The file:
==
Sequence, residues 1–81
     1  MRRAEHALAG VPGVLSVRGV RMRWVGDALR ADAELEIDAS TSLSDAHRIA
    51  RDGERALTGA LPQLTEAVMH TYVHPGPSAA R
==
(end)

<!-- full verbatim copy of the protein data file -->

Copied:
Sequence, residues 1–81
     1  MRRAEHALAG VPGVLSVRGV RMRWVGDALR ADAELEIDAS TSLSDAHRIA
    51  RDGERALTGA LPQLTEAVMH TYVHPGPSAA R